Rajiv would’ve been proud of our accomplishments in telecom sector

India’s telecom man Sam Pitroda writes on his journey with Rajiv Gandhi and, more importantly, how his presence is sorely missed

Photo courtesy: Twitter\@PradyotManikya
Photo courtesy: Twitter\@PradyotManikya

Sam Pitroda

Today is the 26th Death Anniversary of Rajiv Gandhi. The young, dynamic Prime Minister of India was taken away at an early age. For me, it is time to review, reflect and remember Rajiv Gandhi, his accomplishments and his dream of India of the 21st century.

I personally miss him very much. He gave real meaning to my life by empowering me to dream big for India. He facilitated my work on telecom & technology missions in India. The technology missions were related to rural drinking water, immunisation, literacy, edible oil, telecom and dairy development. We were also planning missions on environment, housing, floods and droughts in the future.

When we started our journey on telecom to connect India, we had only two million phones in 1983. In a short span of over 30 years, we now have a billion phones. Today, India is a country of a connected billion. This required focus on digital technology, Access, rural telecom, indigenous development, local production, ancillary industries and human capacity with focus on young talent. It also required a by-pass in the system to create new work culture, work norms, work values, work environment, etc. with autonomy, freedom and flexibility.

He would have been very proud of our accomplishment in telecom and connectivity. The seeds we planted have now blossomed into fruits for one billion people in India. At the same time now we generate around $150 billion worth of software/services exports. This has given us global visibility, recognition and respect and confidence to deal with technology to solve large national problems. He would have also been proud of the fact that the technology mission on immunization finally eradicated polio all together from India.

Similarly, technology mission on water eradicated Guinea-worm disease from over 30,000 villages in India all together. Do our young know what a Guinea-worm is? Please Google it.

The country is now 75% literate and benefitting from privatisation, liberalisation, free market economy and globalization. All of which were discussed, debated and, to some extent, started in the Rajiv Gandhi era. I was fortunate to be a partner in dreaming big with him to build a strong, powerful and respectful India in the 21st century that we all could be proud of.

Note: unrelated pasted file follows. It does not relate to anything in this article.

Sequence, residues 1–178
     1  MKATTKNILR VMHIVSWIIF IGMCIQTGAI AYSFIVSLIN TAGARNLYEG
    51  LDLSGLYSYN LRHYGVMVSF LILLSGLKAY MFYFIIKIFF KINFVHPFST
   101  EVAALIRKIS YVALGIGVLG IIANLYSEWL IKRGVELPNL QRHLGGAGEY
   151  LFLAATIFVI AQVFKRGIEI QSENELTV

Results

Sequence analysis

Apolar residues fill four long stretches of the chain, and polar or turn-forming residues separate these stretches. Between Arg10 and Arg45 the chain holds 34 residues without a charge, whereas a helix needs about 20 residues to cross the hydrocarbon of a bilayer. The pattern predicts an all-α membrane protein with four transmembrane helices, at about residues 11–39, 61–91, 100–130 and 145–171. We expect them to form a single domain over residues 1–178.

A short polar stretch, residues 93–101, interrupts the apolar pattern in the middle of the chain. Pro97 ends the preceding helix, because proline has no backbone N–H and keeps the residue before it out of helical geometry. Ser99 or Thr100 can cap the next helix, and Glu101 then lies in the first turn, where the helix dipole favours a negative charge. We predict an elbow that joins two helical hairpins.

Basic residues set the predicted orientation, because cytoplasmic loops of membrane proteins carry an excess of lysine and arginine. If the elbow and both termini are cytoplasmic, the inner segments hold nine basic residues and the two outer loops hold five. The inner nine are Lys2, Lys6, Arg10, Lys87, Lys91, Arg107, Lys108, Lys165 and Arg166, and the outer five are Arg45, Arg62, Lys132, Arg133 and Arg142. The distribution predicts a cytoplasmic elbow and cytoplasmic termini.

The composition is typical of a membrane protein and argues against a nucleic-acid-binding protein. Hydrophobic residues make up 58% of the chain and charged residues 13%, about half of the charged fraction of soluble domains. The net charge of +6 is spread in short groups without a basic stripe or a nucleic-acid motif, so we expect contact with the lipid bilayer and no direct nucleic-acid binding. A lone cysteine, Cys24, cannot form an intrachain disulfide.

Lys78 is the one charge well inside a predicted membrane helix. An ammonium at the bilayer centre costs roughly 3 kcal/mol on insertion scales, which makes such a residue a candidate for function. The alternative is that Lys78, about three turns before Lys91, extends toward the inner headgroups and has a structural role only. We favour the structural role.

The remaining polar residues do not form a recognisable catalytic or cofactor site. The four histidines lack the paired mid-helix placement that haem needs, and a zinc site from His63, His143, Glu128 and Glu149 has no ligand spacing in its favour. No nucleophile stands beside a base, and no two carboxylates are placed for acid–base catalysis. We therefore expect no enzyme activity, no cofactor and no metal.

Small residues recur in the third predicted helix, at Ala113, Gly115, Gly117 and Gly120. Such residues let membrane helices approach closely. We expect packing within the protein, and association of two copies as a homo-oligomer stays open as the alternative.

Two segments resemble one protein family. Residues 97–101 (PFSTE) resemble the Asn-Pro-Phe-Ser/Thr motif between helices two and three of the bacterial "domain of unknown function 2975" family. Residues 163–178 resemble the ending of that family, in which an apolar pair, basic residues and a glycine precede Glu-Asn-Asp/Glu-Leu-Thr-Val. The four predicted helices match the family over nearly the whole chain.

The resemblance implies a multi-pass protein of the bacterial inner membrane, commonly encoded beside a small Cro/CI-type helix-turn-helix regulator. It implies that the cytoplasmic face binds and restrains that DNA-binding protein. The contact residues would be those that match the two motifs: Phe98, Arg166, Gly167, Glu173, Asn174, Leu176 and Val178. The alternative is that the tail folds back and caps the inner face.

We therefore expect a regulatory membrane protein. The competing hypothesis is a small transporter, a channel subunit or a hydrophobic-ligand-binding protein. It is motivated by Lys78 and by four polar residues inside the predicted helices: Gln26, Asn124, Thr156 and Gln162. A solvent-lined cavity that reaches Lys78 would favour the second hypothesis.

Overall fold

In eighties, we started many new initiatives and institutions like Centre for Development of Telematics (C-DOT), Telecom Commission, Technology Mission, Technology Information, Forecasting and Assessment Council (TIFAC), Centre for Development of Advanced Computing (C-DAC), just to name a few. We also developed India’s first super computer in Pune, using indigenous capabilities. The Scientific Advisory Council to the Prime Minister under the leadership of Prof CNR Rao, with distinguished leaders from business, science and academicians helped strengthen our foundation in education, science and technology.

With Rajiv, I also had an opportunity to meet many global leaders including Gorbachev (Russia’s President at the time) to share proudly India’s vision, values and capabilities. Rajiv Gandhi was always full of energy, enthusiasm and positive energy, with clear vision and excellent management capabilities to help execute. Every time we met, we got along well and felt energised and empowered to go do more new interesting things for the people of India. Our focus was always on inclusion, basic human needs, institution-building technology, connectivity, young talent and Indian model of development.

He always systematically reached out to intellectuals, business, civil society, women, academicians, domain experts and young talent for input, ideas and advise. He was also open to self-criticism. I still remember his speech at the Congress Centennial celebration about the state of the Congress Party. That speech and many on various other subjects from environment to human rights are equally important and valid today 30 years down the road.

His unfortunate and untimely death was the biggest blow to India’s future in technological developments and new opportunities. By 1990, just before his death, he was much wiser, experienced, confident and a committed young leader, who had a clear vision of India aligned with our founding fathers.

Like any other leader, different people had different images and understanding of Rajiv Gandhi. I can say with great confidence and comfort that I understood him well, having worked with him for almost a decade. He was indeed a very simple, humble, clear, capable, committed, courageous and collaborative leader. He worked long hours and took interest in his team and, their work.

Of course, I am biased because I worked closely with him and interacted with him regularly on a variety of subjects. We would meet late at night to discuss national and global issues of importance. When he died, I literally lost my heart. I was broken. I lost my courage to carry on. Images of his funeral are etched in my mind and heart forever. He was very special to me and my family.

I miss him a lot. I don't think I can ever recover from his loss.

May Rajiv Gandhi live forever in our courage and commitment to build a strong, inclusive and technologically advanced India to benefit our diversity, demography and development.

The piece has been reproduced from Sam Pitroda’s Facebook profile.

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Published: 21 May 2017, 6:56 PM